ENID, Okla. (KFOR) – The signs pointed to where you were and who owned the rail cars.
There were warnings and rules, ads and advisories.
Frank 'Watermelon' Campbell collected those signs and more.
"I was born in 1921," he says descending the basement stairs of his railroad museum. "The Bible says you can live to be 120. So I'm going for that."
But in the basement of his Railroad Museum of Oklahoma, he has a few of the signs that you can't see through the rose tinted lenses of fine dining car china and quaint, old depots.
Here are the stark reminders of Oklahoma's segregated past.
"They had this over at Tulsa," he says, holding a sign that pointed to designated water fountains for 'white' and 'colored'. "They had this sign in the middle."
He found the sign buried in a retired Tulsa roundhouse in 1960.
"I asked if I could have it," he says. "And they said, 'Yeah. We don't use it anymore'."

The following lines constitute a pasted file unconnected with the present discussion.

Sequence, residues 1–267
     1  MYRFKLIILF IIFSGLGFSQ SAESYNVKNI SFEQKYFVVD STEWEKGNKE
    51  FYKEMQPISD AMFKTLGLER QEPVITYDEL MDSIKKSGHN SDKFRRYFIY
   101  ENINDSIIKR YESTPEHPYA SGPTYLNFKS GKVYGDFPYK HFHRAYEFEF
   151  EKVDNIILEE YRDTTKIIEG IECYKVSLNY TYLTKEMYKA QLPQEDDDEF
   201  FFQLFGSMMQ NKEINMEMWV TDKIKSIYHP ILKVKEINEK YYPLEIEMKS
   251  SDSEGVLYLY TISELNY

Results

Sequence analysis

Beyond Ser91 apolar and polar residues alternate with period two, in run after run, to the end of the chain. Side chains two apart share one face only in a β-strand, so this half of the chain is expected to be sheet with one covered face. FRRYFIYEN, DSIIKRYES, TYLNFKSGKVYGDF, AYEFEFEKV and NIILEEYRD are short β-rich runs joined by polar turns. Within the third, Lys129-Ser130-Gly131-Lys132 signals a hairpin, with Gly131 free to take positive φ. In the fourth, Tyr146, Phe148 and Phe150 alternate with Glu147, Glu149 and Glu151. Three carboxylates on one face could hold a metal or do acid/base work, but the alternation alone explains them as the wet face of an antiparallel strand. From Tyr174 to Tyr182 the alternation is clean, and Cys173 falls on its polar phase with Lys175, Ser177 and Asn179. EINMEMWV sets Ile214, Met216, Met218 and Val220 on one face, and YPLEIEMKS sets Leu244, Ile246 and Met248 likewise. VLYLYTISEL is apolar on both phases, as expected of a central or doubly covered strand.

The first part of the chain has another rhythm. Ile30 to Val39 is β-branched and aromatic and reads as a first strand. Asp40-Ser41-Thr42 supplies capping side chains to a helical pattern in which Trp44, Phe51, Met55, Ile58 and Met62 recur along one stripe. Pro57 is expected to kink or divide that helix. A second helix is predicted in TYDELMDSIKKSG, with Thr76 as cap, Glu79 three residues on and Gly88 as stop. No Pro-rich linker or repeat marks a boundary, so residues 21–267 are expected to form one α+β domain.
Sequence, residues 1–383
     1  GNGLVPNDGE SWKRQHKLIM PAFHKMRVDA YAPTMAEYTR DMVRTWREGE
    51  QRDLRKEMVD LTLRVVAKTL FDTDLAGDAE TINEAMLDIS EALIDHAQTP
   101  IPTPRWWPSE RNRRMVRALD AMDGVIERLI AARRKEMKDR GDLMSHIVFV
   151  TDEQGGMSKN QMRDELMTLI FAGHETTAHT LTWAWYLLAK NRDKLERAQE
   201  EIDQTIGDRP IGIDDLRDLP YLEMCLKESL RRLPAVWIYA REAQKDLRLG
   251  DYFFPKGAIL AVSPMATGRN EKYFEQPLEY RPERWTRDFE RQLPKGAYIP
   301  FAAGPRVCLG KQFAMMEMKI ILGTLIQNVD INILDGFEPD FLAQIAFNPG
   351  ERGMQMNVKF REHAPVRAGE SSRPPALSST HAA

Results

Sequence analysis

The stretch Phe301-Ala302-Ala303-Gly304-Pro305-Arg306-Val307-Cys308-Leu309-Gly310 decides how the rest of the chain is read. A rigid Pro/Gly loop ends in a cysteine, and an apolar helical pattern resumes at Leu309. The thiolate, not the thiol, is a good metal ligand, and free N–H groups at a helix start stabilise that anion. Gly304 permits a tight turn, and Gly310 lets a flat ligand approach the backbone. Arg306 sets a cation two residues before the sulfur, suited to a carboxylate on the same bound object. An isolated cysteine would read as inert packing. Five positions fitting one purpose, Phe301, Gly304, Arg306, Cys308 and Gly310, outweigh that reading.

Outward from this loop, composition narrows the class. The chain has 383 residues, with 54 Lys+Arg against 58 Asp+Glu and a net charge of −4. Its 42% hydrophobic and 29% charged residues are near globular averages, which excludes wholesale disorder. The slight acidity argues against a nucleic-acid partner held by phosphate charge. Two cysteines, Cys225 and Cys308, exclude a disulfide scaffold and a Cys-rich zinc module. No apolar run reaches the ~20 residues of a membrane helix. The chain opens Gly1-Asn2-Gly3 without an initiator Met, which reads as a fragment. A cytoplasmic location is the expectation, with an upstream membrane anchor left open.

"Are these kinds of artifacts hard to find," asks a visitor.
"They did away with most of them," replies Campbell. "They went to the trash right away."
These signs used to hang in every train station waiting room notifying the public of the state law passed in 1907 that segregated these spaces according to the color of people's skin.
"They were part of the Jim Crow laws," he says.
Campbell keeps them as reminders of true history.
"Why did you think this was important to save," asks his visitor.
"Well, I'm a natural born collector," he replies. "People need to know how it used to be."
Of the more than a million artifacts in Campbell's collection, the story of rail travel is well represented, the romantic and the true.
'Watermelon' believes it's all worth saving.
"It's what I do," he says.
The Railroad Museum of Oklahoma is open Tuesday through Friday 1-4 p.m.
It's open Saturday from 9 a.m. to 4 p.m.
For more information, go to https://railroadmuseumofoklahoma.com/